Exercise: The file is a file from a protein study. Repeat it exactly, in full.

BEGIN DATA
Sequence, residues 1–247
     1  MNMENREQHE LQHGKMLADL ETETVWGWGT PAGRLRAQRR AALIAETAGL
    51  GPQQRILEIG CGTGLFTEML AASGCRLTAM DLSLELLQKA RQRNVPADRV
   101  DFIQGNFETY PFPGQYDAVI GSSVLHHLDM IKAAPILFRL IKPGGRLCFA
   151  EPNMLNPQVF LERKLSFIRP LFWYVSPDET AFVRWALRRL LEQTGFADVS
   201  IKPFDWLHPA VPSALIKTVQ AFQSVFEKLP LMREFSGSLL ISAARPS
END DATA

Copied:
Sequence, residues 1–247
     1  MNMENREQHE LQHGKMLADL ETETVWGWGT PAGRLRAQRR AALIAETAGL
    51  GPQQRILEIG CGTGLFTEML AASGCRLTAM DLSLELLQKA RQRNVPADRV
   101  DFIQGNFETY PFPGQYDAVI GSSVLHHLDM IKAAPILFRL IKPGGRLCFA
   151  EPNMLNPQVF LERKLSFIRP LFWYVSPDET AFVRWALRRL LEQTGFADVS
   201  IKPFDWLHPA VPSALIKTVQ AFQSVFEKLP LMREFSGSLL ISAARPS